"The Sentiment of Style" is a recurring series based on the notion that the most treasured things we own -- our homes, clothing, jewelry, art and accessories -- are objects of equal intimacy to us as our friends, family and mentors. Whether we realize it or not, these items tell stories. Those we keep the longest, and miss the most once they're gone, have the best tales to tell.
THERE IS NOTHING minimal about the way I live -- nor is there anything particularly "minimal" about the way a minimalist lives.
Visiting Donald Judd's newly restored home in New York reminded me that the small things make all the difference. His art and furniture are well-known, but the items he salvaged from the building (a five-story cast-iron structure in Soho, built in 1870) after he bought it tell you a lot about how he lived every day, as do the other artifacts throughout the house: the African masks and baskets that line the staircase; the numerous early American enameled pots and ceramics in the kitchen; the books, photographs and rocks on his bookcases; even the soap dishes in the bathrooms.
I believe the art of living lies in narrowing the gap between what we display and what we use. When I worked in film, I had a rule: acquire some thing from each movie as a reminder. When I travel, I take home at least one item as a memory; when I design a home or a hotel, I collect some trapping that speaks to the project; when I go to a flea market, I usually find a tempting small trinket, so I go ahead and get it.
At a certain point, fairly early on, I had to confront the fact that I had more decorative bowls than I could possibly display, more vases than I could fill with flowers and, in general, more objects than horizontal surfaces. Yet I wanted to hold onto most of the possessions I had curated over the years: some for their beauty, others their sentiment and, in many instances, both.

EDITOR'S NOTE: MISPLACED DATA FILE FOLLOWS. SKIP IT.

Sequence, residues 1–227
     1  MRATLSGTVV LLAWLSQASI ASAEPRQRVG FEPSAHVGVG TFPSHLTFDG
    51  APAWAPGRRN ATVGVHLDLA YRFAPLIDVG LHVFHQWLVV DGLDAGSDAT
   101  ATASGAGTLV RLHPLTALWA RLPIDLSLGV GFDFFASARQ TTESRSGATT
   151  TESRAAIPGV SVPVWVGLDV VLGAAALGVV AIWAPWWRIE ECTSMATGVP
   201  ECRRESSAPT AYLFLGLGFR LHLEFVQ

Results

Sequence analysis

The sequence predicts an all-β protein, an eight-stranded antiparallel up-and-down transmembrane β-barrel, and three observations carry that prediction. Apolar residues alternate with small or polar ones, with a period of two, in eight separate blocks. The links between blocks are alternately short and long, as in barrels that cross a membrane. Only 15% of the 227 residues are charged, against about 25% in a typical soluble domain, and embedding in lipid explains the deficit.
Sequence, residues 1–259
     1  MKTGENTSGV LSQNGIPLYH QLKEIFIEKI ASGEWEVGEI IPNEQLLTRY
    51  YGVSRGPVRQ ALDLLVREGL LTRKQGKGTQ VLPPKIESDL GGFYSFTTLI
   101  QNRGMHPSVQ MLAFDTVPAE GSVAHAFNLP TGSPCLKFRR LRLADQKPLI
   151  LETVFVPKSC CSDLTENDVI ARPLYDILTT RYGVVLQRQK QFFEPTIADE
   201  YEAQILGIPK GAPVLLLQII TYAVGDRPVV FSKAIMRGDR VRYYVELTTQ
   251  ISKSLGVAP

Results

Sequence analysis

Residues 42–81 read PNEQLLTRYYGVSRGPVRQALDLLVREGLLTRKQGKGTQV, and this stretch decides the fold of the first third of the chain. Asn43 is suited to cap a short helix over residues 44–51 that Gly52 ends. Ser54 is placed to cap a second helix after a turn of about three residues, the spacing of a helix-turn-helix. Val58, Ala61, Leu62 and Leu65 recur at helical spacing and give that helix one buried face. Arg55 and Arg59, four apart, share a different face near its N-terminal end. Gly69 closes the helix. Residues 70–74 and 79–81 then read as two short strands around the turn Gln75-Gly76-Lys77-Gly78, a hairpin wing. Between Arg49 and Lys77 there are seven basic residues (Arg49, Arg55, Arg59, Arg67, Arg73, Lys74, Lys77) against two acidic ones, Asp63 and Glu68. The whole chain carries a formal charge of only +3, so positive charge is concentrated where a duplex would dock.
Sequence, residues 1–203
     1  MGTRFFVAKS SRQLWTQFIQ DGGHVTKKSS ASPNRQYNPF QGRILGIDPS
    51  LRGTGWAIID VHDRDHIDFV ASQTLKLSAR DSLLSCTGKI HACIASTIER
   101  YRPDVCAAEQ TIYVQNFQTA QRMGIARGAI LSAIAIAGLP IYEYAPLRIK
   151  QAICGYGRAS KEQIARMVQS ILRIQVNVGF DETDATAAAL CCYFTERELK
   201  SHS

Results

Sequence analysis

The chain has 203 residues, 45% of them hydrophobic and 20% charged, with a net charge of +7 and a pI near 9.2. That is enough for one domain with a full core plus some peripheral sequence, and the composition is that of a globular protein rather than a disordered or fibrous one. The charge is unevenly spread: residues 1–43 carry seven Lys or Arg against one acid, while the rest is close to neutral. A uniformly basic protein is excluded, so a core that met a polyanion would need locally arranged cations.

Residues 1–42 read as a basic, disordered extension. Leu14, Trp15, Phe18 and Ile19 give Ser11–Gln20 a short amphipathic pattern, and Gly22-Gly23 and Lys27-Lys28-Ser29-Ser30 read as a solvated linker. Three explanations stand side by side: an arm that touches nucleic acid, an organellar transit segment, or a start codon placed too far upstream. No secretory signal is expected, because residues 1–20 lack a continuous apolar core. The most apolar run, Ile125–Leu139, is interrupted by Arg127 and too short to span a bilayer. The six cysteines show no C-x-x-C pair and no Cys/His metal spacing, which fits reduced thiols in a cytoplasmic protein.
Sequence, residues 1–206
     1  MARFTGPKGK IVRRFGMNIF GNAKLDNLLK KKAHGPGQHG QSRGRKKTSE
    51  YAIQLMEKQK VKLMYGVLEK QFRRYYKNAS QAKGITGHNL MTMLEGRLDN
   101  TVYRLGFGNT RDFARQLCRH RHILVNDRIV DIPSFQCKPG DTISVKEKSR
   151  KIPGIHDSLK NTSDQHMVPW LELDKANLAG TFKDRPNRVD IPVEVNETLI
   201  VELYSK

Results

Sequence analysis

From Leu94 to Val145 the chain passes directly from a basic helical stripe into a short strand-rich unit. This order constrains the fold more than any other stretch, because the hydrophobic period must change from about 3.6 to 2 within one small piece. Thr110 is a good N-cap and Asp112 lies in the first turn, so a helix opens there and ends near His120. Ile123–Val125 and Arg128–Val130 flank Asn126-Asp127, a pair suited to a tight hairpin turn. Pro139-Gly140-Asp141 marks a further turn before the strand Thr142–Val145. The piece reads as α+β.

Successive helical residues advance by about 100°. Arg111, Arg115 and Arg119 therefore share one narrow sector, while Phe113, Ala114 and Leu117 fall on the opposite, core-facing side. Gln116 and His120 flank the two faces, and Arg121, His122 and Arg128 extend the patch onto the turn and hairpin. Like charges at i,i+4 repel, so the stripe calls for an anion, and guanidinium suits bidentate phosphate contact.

So I asked myself, do I have more than I can use? The answer was no. I began moving beautiful bowls, boxes and vases inside cabinets to hold safety pins, glue, batteries, Post-Its and the sundry stuff we use every day. I strived to enrich the experience of daily life by making each thing I touched meaningful.
Meaning, beauty, sentiment -- none trumps the act of living. We don't take up residence in museums, and we shouldn't aspire to. Homes are meant to be lived in, and as a result, things sometimes break. They can be replaced. The joy of using something special every day far outweighs the pain of saying goodbye once it has been used too much.
As time passes, things I once thought were beautiful no longer strike me as such, and memories I thought I could never live without have less significance. As a result, sporadically, I look at my horizontal surfaces and inside my cabinets and cupboards and ask: Is this still significant? If not, I relinquish it. There will always be more projects, more trips and more flea markets.
My passion for objects -- large and small, modest and immodest, old and new, made and found, foreign and familiar -- has led me to the place where nearly everything I touch every day augurs a small celebration, making even the most monotonous activity a rich experience. Not everyone shares this passion, I realize -- but I'd wager that everyone would like to be able to smile while reaching for the cup that holds the toothbrush.
Maximize the mundane, and narrow the gap between the experience of aesthetic beauty and the quotidian rigors of everyday life. It enhanced the life of Donald Judd, and it does the same for me. It'll enhance yours as well.
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